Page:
As a compilation of recordings for the BBC, the album carries the momentum of the Rolling Stones over three years effectively, documenting their growth as performers as well as the songwriting of Mick Jagger and Keith Richards. But, while that energy is present in the recordings, the sequencing and lack of radio-style distribution remove the real joy there must have been to hear this music in the mid-'60s. These aspects are true of many live compilations, though audience squeals and screams, and announcer introductions, are weaved into the album sporadically and often conveniently – as if to remind you that this was recorded live for the BBC, including in concerts between 1963 and 1965. This is a minor criticism overall, for the recordings themselves are crisp, preserved well, and remastered beautifully: demonstrative of the work of Abbey Road Studios in bringing the most out of half-century recordings.

Two versions of this album were released, with the deluxe edition containing an equivalent second disc that brings the total tracks to 32 recordings for the BBC. The deluxe edition is more inclusive and a fully immersive set that documents the historical value of the recordings. (An additional companion book and series of "official" Rolling Stones podcasts were released to accompany the On Air album, providing a comprehensive and extensive exploration of the historical context and legacy of the recordings and the Rolling Stones in 1963-1965.) On Air provides a variety of style in tracks that span 1963, 1964, and 1965, and brings in numerous different performance venues and session qualities to demonstrate just what recording for the BBC sounded like.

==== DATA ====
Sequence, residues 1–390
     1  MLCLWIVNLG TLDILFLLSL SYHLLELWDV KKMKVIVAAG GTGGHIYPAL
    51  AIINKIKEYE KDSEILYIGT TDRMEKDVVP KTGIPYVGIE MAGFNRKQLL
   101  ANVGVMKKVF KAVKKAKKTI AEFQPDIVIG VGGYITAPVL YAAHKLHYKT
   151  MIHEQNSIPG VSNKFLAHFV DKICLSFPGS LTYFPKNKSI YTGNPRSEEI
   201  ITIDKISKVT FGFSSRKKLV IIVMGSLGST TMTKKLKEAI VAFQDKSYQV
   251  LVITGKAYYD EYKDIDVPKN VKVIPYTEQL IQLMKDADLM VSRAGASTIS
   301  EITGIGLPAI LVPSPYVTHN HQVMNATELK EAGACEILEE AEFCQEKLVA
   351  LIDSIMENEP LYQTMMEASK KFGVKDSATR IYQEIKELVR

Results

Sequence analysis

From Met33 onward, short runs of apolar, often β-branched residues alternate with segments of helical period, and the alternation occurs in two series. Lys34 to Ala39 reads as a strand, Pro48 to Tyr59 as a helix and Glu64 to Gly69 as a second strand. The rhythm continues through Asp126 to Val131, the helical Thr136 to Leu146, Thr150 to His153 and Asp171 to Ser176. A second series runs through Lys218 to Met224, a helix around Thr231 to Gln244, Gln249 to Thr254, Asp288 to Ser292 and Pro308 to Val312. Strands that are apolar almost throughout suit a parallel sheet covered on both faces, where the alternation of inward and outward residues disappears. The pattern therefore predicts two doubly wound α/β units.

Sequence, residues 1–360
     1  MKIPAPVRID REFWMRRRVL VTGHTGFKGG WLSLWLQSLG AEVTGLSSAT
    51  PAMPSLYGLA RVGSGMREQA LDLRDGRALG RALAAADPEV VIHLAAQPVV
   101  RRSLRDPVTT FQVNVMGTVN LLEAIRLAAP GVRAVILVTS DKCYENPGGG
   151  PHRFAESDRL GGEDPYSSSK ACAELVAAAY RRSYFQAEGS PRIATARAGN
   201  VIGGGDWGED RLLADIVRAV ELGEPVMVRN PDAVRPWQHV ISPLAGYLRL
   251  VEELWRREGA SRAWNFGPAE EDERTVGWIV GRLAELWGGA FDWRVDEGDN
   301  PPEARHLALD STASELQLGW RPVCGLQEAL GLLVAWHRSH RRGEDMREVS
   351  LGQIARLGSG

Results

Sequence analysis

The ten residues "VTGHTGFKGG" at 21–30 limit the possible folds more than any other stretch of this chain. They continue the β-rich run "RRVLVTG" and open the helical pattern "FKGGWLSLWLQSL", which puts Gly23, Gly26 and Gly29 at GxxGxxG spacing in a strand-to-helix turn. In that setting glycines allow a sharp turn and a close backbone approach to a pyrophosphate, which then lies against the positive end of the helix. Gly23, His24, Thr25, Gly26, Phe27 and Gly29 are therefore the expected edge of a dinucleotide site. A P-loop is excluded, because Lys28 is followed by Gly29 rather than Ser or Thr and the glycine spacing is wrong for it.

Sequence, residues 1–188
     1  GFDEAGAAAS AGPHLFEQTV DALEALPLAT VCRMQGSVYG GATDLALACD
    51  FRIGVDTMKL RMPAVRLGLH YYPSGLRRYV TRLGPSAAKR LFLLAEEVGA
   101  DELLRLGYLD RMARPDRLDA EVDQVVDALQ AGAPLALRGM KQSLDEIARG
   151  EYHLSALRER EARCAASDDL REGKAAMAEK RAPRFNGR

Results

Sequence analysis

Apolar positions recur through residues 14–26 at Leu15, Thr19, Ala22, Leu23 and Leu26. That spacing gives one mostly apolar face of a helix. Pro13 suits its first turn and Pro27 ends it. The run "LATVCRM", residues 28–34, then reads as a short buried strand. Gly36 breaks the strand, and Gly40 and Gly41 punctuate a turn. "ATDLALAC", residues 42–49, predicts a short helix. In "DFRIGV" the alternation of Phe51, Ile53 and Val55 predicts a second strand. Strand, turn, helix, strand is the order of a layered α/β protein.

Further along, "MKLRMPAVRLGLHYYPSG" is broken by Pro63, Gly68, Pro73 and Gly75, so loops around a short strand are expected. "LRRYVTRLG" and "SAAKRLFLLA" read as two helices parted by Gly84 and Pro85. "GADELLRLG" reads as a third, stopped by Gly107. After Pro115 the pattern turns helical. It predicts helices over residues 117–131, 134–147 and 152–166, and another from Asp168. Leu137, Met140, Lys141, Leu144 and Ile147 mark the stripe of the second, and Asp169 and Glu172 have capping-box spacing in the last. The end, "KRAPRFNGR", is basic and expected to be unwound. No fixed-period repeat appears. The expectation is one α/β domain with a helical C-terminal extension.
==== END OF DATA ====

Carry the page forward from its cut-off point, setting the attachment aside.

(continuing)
From radio sets to television and concert performances, On Air ultimately goes beyond similar albums by more effectively taking the songs out of the radio environment where it can. This has the effect of focusing entirely on the performance as it was captured, but draws from the excitement that must have been presented by the band on the radio program, in the television camera, and most important by the fan and listener anxiously waiting for the Rolling Stones appearance on the BBC. Even so, On Air deserves a listen in hopes of experiencing that mid-'60s excitement while preserving a half-century set of both mono and stereo recordings never intended for extensive replay.

7
Music


Books


Film


Recent
Love in the Time of Coronavirus

Street Art As Sprayed Solidarity: Global Corona Graffiti

COVID-19-related street art functions as a vehicle for political critique and social engagement. It offers a form of global solidarity in a time of crisis.